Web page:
The song’s been sung like a broken record: 2020 was wild. With all the depressing words that we could use to describe it, I think our collective sigh should suffice to express our feelings.
Especially for the Filipino population who’s famous for our sunny disposition, it’s been tough not being able to experience all the things that usually made these year-end reviews more rewarding to do.
And so, with a deep and distressing sigh, let’s all look back to the uniquely Filipino things that the pandemic made us forego.
1. Singing our lungs out at karaoke parties
Technically speaking, we didn’t miss out on singing our lungs out in front of the karaoke, but you have to admit that our karaoke tendencies drastically dropped this year.
Part of the reason we rarely belted out during the pandemic is to avoid disrupting important Zoom meetings and online classes. In fact, to lower the noise level, Mayor Isko Moreno even passed an ordinance prohibiting daytime karaoke in the city of Manila last October. We can also chalk it up to social events being banned to curb COVID-19 cases since these gatherings are usually defined by karaoke sessions.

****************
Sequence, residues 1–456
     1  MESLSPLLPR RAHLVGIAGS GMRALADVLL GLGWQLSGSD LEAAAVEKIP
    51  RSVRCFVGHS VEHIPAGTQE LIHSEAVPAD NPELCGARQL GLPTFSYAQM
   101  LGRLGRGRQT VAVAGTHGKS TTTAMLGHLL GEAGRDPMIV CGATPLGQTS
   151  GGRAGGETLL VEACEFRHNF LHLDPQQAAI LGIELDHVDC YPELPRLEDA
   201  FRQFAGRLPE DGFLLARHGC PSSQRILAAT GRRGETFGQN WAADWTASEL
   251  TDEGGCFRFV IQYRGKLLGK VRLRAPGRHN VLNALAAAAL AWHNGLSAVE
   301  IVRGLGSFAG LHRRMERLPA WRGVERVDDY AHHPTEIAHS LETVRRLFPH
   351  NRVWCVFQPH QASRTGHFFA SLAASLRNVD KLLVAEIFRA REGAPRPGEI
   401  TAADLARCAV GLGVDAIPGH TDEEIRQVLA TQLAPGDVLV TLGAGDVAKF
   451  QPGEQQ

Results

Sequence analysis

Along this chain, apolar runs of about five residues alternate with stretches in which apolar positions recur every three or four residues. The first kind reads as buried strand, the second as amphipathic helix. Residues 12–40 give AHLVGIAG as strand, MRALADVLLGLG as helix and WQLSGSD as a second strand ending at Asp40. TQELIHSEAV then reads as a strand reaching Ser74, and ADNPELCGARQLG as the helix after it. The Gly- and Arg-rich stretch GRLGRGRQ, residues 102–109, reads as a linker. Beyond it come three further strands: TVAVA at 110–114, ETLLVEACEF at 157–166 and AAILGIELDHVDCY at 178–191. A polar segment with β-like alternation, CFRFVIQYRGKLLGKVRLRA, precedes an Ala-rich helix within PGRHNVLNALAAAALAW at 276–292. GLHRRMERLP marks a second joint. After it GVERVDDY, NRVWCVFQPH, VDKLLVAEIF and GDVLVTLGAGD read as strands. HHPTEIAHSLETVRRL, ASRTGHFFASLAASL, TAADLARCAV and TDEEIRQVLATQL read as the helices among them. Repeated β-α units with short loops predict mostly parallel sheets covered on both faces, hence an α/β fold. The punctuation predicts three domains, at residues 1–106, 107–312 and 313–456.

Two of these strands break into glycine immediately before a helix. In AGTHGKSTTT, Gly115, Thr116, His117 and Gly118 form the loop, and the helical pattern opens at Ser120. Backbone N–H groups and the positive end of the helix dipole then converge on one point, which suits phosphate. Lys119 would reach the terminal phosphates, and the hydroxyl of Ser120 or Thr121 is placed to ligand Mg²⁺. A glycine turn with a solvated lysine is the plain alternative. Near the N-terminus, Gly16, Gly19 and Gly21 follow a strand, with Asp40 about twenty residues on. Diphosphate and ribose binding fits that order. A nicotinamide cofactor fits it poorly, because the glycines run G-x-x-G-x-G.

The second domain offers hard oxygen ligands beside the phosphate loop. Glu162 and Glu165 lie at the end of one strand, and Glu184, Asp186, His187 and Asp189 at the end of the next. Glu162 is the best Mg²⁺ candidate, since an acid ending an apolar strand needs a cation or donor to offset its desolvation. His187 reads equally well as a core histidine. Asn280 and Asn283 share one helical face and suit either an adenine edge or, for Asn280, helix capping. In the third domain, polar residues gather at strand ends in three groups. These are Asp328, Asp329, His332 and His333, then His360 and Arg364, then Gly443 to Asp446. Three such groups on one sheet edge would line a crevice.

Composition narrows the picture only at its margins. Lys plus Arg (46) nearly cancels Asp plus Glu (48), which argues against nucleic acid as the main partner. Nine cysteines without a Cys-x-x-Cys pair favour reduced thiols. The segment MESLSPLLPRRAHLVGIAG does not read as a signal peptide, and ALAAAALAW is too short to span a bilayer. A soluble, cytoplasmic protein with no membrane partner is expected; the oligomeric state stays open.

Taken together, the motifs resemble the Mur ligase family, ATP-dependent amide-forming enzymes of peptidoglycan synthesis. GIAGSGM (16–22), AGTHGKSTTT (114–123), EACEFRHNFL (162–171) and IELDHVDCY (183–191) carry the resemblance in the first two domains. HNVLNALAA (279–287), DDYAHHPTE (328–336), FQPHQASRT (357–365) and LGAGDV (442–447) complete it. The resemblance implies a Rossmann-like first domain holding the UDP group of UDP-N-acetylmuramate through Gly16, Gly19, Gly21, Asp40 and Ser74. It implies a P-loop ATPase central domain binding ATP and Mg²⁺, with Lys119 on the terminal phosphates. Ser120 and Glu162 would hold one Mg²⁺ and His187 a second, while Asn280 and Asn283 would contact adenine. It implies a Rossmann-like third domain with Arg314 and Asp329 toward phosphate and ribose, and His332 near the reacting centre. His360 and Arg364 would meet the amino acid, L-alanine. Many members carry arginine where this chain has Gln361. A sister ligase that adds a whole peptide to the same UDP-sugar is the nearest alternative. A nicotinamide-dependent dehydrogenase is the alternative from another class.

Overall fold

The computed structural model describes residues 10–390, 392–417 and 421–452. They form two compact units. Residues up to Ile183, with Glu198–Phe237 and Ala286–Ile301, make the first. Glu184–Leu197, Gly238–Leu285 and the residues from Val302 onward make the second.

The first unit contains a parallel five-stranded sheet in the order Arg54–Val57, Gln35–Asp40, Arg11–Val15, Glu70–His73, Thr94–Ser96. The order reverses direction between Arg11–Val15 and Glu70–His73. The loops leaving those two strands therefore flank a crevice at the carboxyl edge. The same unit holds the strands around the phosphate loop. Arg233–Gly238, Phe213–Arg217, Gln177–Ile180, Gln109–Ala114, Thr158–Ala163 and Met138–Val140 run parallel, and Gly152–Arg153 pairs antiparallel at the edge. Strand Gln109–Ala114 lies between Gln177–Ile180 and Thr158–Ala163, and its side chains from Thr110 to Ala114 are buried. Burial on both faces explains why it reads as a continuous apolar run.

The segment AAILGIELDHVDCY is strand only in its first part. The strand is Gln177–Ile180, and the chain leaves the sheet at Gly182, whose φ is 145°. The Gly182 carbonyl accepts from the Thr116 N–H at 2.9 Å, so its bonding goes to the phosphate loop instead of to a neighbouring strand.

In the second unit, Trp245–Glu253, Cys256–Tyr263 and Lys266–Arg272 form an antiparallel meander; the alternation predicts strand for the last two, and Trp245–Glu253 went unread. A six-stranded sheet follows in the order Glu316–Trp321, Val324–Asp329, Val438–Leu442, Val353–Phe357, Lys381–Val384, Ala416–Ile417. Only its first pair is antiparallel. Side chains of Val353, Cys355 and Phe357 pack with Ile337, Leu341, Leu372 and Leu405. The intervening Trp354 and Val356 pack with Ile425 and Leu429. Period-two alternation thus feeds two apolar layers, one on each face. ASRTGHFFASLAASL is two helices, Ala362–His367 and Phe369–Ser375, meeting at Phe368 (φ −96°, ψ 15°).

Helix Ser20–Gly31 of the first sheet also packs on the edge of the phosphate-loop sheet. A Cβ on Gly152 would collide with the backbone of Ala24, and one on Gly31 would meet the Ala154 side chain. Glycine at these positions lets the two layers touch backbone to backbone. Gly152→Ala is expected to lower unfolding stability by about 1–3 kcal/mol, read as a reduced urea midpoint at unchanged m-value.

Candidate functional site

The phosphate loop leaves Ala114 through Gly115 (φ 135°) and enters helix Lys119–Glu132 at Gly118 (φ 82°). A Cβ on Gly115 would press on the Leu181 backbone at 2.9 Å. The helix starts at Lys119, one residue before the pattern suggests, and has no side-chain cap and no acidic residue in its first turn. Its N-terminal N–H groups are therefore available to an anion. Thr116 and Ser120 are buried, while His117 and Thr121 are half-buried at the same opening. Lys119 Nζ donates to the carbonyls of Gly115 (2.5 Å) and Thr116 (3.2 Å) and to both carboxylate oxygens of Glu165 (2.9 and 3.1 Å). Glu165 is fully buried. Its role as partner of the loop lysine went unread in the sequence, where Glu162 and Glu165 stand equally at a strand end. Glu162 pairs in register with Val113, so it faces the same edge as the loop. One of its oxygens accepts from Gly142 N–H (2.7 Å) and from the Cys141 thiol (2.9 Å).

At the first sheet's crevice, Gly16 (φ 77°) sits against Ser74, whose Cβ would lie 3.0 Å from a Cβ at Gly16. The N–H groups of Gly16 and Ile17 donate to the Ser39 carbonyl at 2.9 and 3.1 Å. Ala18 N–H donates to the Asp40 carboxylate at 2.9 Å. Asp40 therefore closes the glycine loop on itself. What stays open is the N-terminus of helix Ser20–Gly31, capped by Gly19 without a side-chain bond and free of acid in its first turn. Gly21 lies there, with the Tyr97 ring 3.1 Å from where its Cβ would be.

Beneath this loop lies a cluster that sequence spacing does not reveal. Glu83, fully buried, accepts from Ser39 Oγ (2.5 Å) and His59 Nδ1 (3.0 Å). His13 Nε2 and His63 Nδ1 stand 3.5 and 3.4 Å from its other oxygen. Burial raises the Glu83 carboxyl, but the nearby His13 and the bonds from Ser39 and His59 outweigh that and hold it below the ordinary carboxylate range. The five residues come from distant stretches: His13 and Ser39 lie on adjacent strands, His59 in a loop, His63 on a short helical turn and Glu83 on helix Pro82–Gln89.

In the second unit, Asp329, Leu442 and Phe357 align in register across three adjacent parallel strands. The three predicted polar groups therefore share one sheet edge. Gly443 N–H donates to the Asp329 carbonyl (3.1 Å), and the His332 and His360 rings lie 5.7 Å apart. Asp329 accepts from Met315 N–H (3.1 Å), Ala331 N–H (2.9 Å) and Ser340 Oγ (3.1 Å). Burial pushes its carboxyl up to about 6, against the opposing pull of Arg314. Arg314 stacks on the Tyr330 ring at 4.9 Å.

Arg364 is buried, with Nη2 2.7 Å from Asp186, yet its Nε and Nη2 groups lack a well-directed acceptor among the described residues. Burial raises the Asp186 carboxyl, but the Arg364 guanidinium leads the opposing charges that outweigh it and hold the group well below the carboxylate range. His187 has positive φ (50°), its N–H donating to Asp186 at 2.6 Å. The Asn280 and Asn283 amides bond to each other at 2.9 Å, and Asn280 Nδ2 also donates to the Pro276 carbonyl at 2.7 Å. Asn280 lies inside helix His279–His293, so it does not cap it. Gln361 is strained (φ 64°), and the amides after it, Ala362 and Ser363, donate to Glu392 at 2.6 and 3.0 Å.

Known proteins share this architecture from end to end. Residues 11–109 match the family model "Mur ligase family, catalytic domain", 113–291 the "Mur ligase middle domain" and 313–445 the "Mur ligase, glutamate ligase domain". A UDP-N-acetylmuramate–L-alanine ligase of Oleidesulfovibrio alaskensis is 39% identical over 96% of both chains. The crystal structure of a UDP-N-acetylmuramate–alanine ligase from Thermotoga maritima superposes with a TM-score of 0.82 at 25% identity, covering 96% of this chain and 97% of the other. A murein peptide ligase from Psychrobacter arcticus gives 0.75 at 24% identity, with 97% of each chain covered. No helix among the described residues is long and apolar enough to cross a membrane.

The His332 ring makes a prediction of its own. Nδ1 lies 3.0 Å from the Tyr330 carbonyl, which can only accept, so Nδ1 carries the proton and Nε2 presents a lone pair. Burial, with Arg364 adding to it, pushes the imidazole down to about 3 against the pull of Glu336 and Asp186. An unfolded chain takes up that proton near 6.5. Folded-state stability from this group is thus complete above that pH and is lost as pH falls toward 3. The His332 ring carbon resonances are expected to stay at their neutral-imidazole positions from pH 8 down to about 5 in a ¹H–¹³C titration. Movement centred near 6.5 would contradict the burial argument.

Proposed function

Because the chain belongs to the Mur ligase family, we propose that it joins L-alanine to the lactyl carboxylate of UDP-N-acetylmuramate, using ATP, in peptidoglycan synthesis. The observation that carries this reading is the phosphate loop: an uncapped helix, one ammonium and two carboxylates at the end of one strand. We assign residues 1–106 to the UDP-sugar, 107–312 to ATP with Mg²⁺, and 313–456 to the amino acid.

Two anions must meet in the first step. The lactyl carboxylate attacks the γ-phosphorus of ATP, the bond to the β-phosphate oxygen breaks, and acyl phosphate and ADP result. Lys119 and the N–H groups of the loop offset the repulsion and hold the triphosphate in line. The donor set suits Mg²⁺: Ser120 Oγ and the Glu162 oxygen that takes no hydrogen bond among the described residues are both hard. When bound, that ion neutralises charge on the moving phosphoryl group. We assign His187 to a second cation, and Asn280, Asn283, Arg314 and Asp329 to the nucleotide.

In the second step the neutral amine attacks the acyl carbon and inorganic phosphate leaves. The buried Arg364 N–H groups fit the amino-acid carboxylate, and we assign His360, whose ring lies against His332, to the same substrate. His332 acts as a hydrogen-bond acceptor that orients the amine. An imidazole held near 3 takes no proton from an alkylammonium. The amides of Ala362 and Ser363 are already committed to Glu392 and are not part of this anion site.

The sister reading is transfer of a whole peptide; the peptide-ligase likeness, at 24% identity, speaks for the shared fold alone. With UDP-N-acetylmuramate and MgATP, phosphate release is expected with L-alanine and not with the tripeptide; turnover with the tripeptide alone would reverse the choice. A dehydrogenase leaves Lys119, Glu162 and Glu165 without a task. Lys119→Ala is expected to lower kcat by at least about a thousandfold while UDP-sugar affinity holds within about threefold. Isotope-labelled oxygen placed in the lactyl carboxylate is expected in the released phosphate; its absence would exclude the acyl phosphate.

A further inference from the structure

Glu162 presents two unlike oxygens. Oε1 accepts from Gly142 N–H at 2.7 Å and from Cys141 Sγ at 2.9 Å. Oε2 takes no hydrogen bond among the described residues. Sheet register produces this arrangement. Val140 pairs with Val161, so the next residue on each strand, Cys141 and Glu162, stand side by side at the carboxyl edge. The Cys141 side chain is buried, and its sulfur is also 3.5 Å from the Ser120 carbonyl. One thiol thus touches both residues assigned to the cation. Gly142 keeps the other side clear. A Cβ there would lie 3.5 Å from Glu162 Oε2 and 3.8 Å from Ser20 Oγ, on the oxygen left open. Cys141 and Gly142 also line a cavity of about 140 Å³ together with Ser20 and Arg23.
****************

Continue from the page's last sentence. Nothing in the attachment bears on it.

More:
So maybe it’s not so much being able to sing that we missed out on, but being able to sing without a care in the world.
2. Attending local festivals
Save for those that already took place before the lockdown was initiated like Cebu’s Sinulog Festival and Iloilo’s Dinagyang Festival, Philippine festivals were hardly a part of anyone’s agenda this year.
Baguio City’s Panagbenga? It got canceled early this year. Bacolod’s MassKara Festival? Scrapped last September. Even the visual treat that is Lubao’s Hot Air Balloon Festival didn’t push through this year.
The pain of missing live events pales in comparison to not being able to attend Philippine festivals. Maybe next year?
3. Leaving for Laboracay weekend